On the Importance of Black History Month 

By Brandy Bond, Staff Writer

On February 16th, LU Education student Matilda Ankrah, the History Department, and the African Caribbean Student Association (AFCASA) organized a Black History Month information event. The future educator’s belief in the importance of bringing “awareness to Black history and [teaching]people about that rich history” was the driving force behind her coordination of this event. In an interview with The Argus, Ankrah states that this event and what it promotes is something that this campus needs, noting that she feels that “more needs to be done pertaining to Black history.”

In the past, there has been very few events for students regarding Black history on campus. However, Ankrah hopes that this pattern will ceases, believing that there are “so many benefits from having something like this on campus”. When asked if she would like this event to continue annually she affirmed that, “it would really bring joy to my heart to see this event be carried on.”

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Ankrah came up with the event when deciding on an idea for a 40-hour internship that was required for a class. She explained that this internship could be done anywhere and that she had to “bring something to that internship like an idea.” She continued to explain how she chose to do her internship with the history department where she “pitched the idea about having an event on campus about Black history and they were all for it.”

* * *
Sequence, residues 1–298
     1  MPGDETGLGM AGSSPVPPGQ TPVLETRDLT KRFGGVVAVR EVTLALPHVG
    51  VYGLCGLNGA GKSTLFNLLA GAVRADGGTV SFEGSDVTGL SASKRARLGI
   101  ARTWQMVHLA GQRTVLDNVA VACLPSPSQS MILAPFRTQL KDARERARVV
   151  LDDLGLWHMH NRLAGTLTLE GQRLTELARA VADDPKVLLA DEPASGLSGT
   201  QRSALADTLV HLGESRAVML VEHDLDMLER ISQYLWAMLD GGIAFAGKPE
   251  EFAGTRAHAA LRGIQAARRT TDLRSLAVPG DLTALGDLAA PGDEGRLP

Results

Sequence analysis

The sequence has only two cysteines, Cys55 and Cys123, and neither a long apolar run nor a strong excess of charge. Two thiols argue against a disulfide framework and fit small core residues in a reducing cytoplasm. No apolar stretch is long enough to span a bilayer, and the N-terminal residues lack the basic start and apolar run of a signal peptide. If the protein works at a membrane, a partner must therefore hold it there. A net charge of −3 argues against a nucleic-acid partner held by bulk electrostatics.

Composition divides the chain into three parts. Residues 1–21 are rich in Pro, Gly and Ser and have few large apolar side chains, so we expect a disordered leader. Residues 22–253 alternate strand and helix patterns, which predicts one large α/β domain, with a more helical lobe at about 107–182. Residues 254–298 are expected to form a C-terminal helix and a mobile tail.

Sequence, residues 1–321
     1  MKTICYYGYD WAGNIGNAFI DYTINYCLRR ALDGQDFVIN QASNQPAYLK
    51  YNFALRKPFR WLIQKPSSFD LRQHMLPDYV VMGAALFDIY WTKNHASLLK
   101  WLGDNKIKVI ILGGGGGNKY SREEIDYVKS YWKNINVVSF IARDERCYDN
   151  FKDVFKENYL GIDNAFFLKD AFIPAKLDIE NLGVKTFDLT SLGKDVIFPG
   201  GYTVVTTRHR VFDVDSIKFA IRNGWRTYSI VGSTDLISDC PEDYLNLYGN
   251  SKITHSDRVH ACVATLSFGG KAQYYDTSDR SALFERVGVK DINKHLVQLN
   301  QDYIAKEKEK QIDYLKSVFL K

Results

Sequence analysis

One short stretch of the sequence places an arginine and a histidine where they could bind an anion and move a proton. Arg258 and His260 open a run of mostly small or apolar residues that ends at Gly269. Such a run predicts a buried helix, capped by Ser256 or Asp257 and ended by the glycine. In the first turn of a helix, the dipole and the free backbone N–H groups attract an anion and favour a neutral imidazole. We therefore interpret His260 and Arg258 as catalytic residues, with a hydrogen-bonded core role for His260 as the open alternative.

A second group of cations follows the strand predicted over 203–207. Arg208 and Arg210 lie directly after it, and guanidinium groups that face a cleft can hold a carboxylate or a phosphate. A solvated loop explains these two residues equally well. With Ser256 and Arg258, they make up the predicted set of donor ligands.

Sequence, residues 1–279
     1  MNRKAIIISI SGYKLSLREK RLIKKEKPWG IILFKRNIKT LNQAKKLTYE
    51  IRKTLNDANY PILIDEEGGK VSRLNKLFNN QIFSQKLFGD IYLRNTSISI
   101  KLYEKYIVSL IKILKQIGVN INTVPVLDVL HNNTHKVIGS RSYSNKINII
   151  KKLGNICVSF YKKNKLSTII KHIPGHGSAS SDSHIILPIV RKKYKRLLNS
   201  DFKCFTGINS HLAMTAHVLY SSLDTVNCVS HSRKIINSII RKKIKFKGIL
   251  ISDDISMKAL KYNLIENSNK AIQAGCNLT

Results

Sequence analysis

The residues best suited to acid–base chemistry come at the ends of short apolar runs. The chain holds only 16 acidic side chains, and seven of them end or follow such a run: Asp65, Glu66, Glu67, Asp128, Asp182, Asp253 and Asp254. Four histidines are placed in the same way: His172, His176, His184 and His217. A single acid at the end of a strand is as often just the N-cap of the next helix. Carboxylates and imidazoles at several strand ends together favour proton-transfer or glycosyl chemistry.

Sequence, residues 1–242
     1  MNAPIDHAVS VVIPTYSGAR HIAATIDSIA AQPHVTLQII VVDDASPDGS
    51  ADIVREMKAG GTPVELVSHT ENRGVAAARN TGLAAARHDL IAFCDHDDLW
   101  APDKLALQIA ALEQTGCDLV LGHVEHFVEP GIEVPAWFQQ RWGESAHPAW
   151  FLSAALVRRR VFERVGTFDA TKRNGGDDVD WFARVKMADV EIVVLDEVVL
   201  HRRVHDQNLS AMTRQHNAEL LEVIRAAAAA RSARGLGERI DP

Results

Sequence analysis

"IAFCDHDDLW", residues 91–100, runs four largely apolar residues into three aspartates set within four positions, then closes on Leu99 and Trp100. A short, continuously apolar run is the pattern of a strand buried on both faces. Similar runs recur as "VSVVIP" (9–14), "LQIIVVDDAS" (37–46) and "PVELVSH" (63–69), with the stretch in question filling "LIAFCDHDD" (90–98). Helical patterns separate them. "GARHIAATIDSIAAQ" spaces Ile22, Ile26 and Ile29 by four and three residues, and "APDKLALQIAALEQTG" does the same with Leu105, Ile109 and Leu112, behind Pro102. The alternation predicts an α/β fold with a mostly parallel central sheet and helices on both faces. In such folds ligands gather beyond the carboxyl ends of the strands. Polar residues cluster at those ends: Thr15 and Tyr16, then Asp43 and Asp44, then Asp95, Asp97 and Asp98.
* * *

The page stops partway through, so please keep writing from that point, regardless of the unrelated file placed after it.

The event featured lectures given by Lakehead professors, a movie, and two performance pieces provided by students. The first lecturer was Dr. Asiru Abu-Bakare who shared his road to success of becoming a doctor. In this lecture, Abu-Bakare relayed his personal experience to the audience in an engaging and inspiring way. The following lecturers included Professors Walid Chahal and Tiana Chahal, as well as Lakehead’s Human Rights Advocate, Dreeni Geer. Each of the following lectures provided the audience with an abundance of useful information about Black history. Additionally, in Walid and Tiana’s lectures there was significant information provided in relation to events and historical moments that often go untold in our history books.

Though the lectures were the main features of the eveny, the performance pieces along with the film screen for the movie “Hard Time” was also extremely impactful. The more artistic performances of the night included a dance routine as well as a beautiful music performance by Elsa Beleke and Mateo Garcia. As for the movie, it was a perfect choice for this event as it presented to many Lakehead students the event’s mission to share a rich history. Through  the performances and information the work, Ankrah, the History Department, and AFCASA, was a definite success in their endeavor to sharing Black history. Considering the large turnout and the success of this event, Ankrah’s hope of having this event annually should be realized in the coming years.